The Singa association, housing aid for refugees, facilitated the connection.
Séverine and Thierry live in a house, not far from the town hall of Montpellier. A floor occupied by them and a ground floor recently freed. Last Friday they welcomed Elya, his wife Yulia, Andrii (17) and Artem (12), their children. A family from eastern Ukraine, escaped from the hell of war.
A few months ago, Elya was a consulting engineer in industrial projects in Zaporijia. Yulia was also an engineer, converted to confectionery, following the closure of her factory after – already – the events of 2014. Russian-speaking, the couple is no less viscerally attached to the country. At the beginning of March, when the shelling of the area by Putin’s army began, they fled by car with the children, towards the west of the country. In Chernivtsi, with relatives.
From Slovakia to France
Yulia remembers: “We thought it was going to calm down. And then there was shelling every night, we were living in the basements.” They leave the area to reach the Slovak border. If Elya was able to stay with his family, it was after a heart problem that occurred in 2017. Since then, he has been wearing a pacemaker. Which will allow him to be free of fights.
The family will follow a long journey in Europe, in crowded refugee camps “we lived on top of each other”, Yulia feels sorry. Then they make their way to a Slovak “very warm, but he lives in open country and we no longer existed there”. They leave, not really knowing where to go. They pass Austria then Italy.
An acquaintance sends them the contact of SOS Ukraine in Montpellier. The car breaks down. They will finally arrive by bus in the Languedoc metropolis. Picked up at the SOS Ukraine reception centre, they will remain in transit for several days in Agde. Before being spotted by the humanitarian association Singa (read below) and meeting Séverine and Thierry. “Just watch the news and put yourself in the shoes of these families. It could be us. Overnight, leaving the house, with his suitcases“, justifies Séverine. Affected by the geographical proximity of the war. “They are like a mirror, we feel close to them.“
The first appointment is made on Wednesday April 6, at SOS Ukraine Montpellier: “We had a translator. It went very well“, explains the landlady. Last Friday, the Ukrainian family moved into the accommodation. The links were quickly tied: “They invited us to share a Ukrainian dish. We communicate with a translation application. We discovered their journey.“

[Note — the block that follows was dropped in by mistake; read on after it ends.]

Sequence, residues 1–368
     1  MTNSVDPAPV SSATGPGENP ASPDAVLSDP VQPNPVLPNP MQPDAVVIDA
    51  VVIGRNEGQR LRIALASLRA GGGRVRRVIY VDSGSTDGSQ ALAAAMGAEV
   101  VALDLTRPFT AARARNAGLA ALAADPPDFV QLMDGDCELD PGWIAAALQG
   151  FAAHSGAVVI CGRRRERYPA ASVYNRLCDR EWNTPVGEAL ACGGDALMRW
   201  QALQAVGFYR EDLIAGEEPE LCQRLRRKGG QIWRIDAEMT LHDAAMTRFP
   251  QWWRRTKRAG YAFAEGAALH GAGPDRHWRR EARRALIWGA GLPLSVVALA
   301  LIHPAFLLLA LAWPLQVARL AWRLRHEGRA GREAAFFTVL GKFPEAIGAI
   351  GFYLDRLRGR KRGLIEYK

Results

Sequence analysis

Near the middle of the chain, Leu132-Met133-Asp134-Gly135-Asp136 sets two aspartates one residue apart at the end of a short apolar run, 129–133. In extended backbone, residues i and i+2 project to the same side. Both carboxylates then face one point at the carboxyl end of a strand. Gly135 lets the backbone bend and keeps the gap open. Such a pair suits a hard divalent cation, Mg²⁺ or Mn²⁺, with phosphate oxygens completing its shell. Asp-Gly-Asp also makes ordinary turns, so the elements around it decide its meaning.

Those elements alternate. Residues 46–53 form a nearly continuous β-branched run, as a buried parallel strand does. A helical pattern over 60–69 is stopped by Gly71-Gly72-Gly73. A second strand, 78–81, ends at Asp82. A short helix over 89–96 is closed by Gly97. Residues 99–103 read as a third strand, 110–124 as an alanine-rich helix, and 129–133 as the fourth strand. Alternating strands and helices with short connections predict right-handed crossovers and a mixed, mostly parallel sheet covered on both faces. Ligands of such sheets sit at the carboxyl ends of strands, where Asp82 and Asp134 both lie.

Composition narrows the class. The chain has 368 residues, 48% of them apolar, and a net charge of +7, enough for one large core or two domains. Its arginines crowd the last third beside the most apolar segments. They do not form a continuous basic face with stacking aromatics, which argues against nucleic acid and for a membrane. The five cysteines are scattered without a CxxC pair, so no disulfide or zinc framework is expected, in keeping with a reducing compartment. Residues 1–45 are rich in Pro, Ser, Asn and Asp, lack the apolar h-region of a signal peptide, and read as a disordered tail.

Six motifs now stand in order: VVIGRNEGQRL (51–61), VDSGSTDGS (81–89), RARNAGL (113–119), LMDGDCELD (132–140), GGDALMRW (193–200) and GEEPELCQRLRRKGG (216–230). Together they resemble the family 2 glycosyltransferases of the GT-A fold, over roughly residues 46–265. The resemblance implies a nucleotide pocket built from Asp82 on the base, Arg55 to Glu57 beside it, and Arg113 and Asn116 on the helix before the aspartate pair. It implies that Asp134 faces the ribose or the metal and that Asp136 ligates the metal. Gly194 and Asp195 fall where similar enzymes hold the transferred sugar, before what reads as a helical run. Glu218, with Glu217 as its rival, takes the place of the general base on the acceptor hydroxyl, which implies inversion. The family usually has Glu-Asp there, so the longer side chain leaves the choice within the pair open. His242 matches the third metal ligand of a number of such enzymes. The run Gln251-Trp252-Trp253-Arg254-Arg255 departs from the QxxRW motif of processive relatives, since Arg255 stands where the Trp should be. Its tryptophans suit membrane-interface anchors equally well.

This week will be devoted to the schooling of children. Parents are looking for a job “language is a problem“, they think. They will take French lessons. For relatives who remained in Ukraine, the couple assures us: “We are in constant contact.” As for the more distant future, it remains uncertain: “This is the second time that Russia has invaded our country. It won’t stop. We are not safe. We don’t know what to do yet…”
Singa expands its program
Launched in 2015, the program of the association for housing assistance for refugees Singa, through its platform jaccueille.fr, is present in Paris, Lyon, Montpellier and Toulouse.
In order to respond quickly to current needs, Singa is extending its program to seven new cities in France: Marseille, Nantes, Bordeaux, Rennes, Grenoble, Lille and Strasbourg.
To apply for the program, simply register online at jaccueille.fr, in order to participate in an initial presentation meeting. Refugees and families are then put in contact for an initial exchange, before any commitment.
At Joffre, students are fully involved
Five students from Ukraine had joined the first module in mid-March, among small Spaniards, Moroccans, Georgians or Sri Lankans.
This six-week “Senghor” device makes it possible to assess the level of a maximum of twenty students. “As soon as the student shows significant progress in French, he enters an inclusion system in an ordinary class via the UPE2A (educational unit for incoming allophone students). This system allows the students concerned to benefit from reinforced teaching. in “French as a second language”, according to their needs and their linguistic and language skills”, explains Fatma M’Dallal, the main assistant at Joffre College.
On May 10, Ranina, Genia, Kamila, Tim, Polina, Nazar and Ksenia will join a class, all the usual, in contact with other students in a college. They will be positioned in classes of a level similar to that which they had in Ukraine, “with perhaps a year’s lag, it takes about 9 years to be perfectly at the level”, she points out.
And they put the package. “I am amazed by their ability to learn and develop compensation systems,” explains the principal, who benefited from this same device in her young years. These teenagers develop an extraordinary capacity for social acclimatization, “from their break, they over-repair and that galvanizes them”!
A social worker is available to reassure them about the bond of trust they must establish, about acceptance and “about the idea that they are welcome, that they are not options”. When they begin to formulate their first sentences in the language of Molière, “they become precious administrative support for their families”.
That morning, we work to identify the parts of the body, knee, head, ears… The Ukrainian clan is turbulent and is called to order, but what could be more normal when you are 15 years old. A student remains a student.